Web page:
There's no end of museums in Baltimore, including the first one in America that was built as a museum.

The PEALE MUSEUM at 225 Holliday Street (near City Hall) was built in 1814 by painter Rembrandt Peale as the "Baltimore Museum and Gallery of Fine Arts," and remains true to its original purpose. It is first of all a museum about the city, which is to say about the rowhouses that are its heart and trademark. Re-creations of typical rooms in homes of various ethnic groups give a glimpse of what lies behind all those scrubbed marble steps.

The fine arts part comes on the third floor, which is packed with works executed by half-a-dozen generations of the fabulous painting Peales. Go early, because you'll want to stay late. 301/396-3523.

The BALTIMORE MUSEUM OF INDUSTRY on Key Highway (on the way to Fort McHenry) calls itself "a working museum for a working city," and indeed it is. Located in a ramshackle building that once housed one of the first canneries in the country (1865), the private museum is a hands-on, this-is-how-it-works place that will particularly appeal to youngsters. It's staffed largely by volunteers, whose enthusiasm is catching. Open 10 to 5 Saturdays, noon to 5 Sundays, and weekdays by appointment. Admission $1.50 adults, $1 students and senior citizens, 75 cents for children. 301/727-4808.

Of course, a place you've gotta go is FORT McHENRY, and you might as well pack along a picnic lunch, because you'll work up an appetite getting into the batteries by the roundabout route made necessary by restoration work on the main sally port. Fort McHenry has a small museum and is federal and free, of course. Open 9 to 5 every day (9 to 8 Memorial Day to Labor Day).

The MARYLAND SCIENCE CENTER on Light Street near the Inner Harbor is fascinating, but it's not a place to just drop by because the admission's pretty steep: $3 adults, $2 senior citizens, students and military personnel, $1.50 children under 12; family rate of $8 admits two adults and up to four children. It's worth it, with super exhibits, frequent live demonstrations and a number of experiments for kids to perform themselves. Open 10 to 10 Fridays and Saturdays, noon to 8 Sundays, 10 to 5 weekdays; from June 28 through Labor Day the hours are 10 to 8 every day. 301/685-5225.

The FLAG HOUSE at 844 East Pratt Street is where the Star Spangled Banner was not sewn by Betsy Ross. The Fort McHenry flag was made, of wool, by Mary Pickersgill, under a federal contract that was finished on time and within budget. The 30- by 40-foot flag was too big to assemble in the workroom of the 1793 house, so she's said to have carted it into the basement of a brewery next door for the final stitching. "I imagine it was just one long siege of nip-and-tuck, nip-and-tuck," says tour guide Ruth Fader.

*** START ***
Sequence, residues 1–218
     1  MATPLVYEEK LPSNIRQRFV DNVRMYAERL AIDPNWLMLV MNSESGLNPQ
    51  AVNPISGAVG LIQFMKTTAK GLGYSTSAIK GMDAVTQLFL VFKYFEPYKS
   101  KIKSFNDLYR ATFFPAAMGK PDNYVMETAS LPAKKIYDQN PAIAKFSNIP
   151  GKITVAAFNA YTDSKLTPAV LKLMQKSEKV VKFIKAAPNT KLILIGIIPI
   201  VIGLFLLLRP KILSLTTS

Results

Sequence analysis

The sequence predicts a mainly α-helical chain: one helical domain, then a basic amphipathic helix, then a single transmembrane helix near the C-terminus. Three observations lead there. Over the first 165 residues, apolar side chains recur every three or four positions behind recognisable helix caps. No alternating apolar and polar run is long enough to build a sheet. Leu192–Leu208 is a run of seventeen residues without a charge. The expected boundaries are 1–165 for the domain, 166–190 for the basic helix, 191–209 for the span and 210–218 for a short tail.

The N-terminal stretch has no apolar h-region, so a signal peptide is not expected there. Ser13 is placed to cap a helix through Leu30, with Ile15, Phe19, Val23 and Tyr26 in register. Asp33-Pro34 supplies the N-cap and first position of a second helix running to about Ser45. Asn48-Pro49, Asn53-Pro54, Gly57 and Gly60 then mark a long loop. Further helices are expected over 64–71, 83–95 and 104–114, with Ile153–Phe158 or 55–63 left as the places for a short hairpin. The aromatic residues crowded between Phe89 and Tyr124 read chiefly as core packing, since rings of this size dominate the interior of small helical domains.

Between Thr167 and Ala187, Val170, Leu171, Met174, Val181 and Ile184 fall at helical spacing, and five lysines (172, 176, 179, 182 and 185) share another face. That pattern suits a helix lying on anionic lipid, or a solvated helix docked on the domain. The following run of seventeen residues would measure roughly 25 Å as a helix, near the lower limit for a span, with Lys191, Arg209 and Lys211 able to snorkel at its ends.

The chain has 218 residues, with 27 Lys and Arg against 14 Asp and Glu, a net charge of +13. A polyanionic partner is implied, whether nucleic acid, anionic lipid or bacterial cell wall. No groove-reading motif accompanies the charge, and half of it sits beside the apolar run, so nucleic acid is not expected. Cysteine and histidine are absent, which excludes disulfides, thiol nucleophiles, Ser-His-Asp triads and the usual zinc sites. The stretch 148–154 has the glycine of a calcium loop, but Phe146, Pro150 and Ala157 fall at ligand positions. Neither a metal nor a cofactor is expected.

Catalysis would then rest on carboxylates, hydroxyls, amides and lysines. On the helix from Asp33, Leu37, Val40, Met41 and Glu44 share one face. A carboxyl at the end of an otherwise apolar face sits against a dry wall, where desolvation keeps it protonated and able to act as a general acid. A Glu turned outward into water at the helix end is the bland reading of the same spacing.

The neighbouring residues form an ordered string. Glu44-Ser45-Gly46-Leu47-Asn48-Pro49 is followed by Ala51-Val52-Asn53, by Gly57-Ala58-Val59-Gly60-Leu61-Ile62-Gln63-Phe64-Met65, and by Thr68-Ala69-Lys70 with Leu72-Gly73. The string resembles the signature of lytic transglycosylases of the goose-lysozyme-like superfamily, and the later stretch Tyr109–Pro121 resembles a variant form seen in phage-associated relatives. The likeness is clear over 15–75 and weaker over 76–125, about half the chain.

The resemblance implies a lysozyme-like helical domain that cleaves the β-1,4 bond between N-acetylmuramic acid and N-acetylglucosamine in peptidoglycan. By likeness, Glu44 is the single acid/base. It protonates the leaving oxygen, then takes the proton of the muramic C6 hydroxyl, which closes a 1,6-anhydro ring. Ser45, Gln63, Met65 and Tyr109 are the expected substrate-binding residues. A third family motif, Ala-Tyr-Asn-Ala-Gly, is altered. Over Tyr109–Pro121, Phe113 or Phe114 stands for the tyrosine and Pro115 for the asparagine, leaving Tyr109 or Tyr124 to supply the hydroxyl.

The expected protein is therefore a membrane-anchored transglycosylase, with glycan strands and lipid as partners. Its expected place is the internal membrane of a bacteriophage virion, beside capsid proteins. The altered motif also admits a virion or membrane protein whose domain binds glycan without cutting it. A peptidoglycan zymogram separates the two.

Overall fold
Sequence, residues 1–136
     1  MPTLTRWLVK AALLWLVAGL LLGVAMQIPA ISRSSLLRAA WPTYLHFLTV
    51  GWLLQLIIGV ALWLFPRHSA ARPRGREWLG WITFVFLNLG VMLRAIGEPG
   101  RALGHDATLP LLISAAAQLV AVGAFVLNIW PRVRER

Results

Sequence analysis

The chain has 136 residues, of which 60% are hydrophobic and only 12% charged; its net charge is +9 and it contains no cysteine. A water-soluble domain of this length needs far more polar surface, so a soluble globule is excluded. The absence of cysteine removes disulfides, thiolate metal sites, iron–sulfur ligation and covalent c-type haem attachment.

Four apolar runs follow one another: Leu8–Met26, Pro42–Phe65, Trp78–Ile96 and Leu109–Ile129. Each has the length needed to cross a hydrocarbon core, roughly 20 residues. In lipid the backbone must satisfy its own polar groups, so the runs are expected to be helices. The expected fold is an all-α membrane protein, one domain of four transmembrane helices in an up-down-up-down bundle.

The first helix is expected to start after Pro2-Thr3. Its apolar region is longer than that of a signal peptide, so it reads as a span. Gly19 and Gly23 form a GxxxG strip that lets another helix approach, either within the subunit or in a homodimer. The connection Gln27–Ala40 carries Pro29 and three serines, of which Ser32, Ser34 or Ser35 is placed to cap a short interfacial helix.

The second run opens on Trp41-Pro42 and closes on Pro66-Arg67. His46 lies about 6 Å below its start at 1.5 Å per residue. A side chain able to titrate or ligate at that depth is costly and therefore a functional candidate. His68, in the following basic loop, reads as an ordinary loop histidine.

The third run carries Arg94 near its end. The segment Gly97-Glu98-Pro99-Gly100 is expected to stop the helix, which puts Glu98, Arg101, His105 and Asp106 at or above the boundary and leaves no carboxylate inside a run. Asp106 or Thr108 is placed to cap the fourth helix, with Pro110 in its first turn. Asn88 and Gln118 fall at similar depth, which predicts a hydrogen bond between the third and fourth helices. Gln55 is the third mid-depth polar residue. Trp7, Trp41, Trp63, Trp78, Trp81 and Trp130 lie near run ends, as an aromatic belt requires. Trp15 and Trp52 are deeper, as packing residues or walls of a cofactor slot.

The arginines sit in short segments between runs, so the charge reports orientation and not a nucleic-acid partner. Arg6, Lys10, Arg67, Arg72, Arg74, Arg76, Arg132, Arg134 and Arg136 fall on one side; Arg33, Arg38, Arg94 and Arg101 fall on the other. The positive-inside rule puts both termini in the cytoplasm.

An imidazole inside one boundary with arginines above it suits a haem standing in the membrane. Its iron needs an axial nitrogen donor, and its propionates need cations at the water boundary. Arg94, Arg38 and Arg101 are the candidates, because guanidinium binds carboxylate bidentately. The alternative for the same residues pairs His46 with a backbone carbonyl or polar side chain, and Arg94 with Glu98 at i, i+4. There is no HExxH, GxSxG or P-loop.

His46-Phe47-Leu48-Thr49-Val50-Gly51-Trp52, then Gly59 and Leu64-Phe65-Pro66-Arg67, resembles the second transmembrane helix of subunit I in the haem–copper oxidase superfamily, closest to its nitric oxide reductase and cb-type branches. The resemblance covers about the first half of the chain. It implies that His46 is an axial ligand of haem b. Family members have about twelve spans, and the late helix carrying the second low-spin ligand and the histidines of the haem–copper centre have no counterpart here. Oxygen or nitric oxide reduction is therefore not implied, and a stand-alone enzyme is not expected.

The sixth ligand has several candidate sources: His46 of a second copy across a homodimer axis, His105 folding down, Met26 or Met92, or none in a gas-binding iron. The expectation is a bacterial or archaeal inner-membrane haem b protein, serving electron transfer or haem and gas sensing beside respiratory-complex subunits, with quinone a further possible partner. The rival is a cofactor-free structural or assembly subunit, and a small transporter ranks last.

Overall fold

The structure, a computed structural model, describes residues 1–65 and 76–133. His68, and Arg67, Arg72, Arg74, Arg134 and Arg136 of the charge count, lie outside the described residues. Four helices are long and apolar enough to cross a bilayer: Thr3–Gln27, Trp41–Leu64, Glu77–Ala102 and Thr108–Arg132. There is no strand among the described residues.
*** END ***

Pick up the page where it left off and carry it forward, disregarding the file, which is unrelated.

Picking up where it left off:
Open 10 to 4 Tuesday through Saturday, 1 to 4 Sunday. Adults $1, 12 to 18, 50 cents, under 12 free. 301/837-1793. The SHOT TOWER at 801 East Fayette Street is the sort of structure that, in any city but Baltimore, would probably have been torn down years ago. From 1828 to 1892 this soaring mass of more than a million bricks was used to produce chilled shot by pouring molten lead through a sieve, which then hardened into round pellets as it fell down a long chimney-like passage and into a water tank. A sound- and-light show re-creates the process, or will when they get the bugs out of the computer-controlled device. It's open daily 10 to 4, free and fun. 301/837-5424.

The MARYLAND HISTORICAL SOCIETY at 201 West Monument Street has a lot of neat stuff from the state's early days, but what you're looking for is the Radcliffe Collection of ship models. Open Tuesday through Saturday 11 to 4, Sunday 1 to 5 (summer hours vary). Admission $1.50 adults, $1 senior citizens, 75 cents children, $4.50 per family. 301/685- 3750.

Baltimore has two great art museums that will not bear brief description nor brief visits:

The BALTIMORE MUSEUM OF ART at Charles and 32nd streets embraces old masters to contemporary works, including the Cone Collection of paintings by, among others, Monet, Cezanne, Matisse and Picasso, plus a powerful sculpture garden. Open 11 to 6 Saturday and Sunday, 10 to 4 Tuesday through Friday. Admission $2, under 18, free; no charge on Thursdays. 301/396-7101.

The WALTERS ART GALLERY at Charles and Center streets, embraces works from ancient Egypt through the early 20th century. Open 11 to 5 Tuesday through Saturday, 2 to 5 Sunday, 1 to 5 Monday. Closed holidays. Admission $2 adults, $1 students and senior citizens, under 18 free; no charge on Wednesdays. 301/547-9000..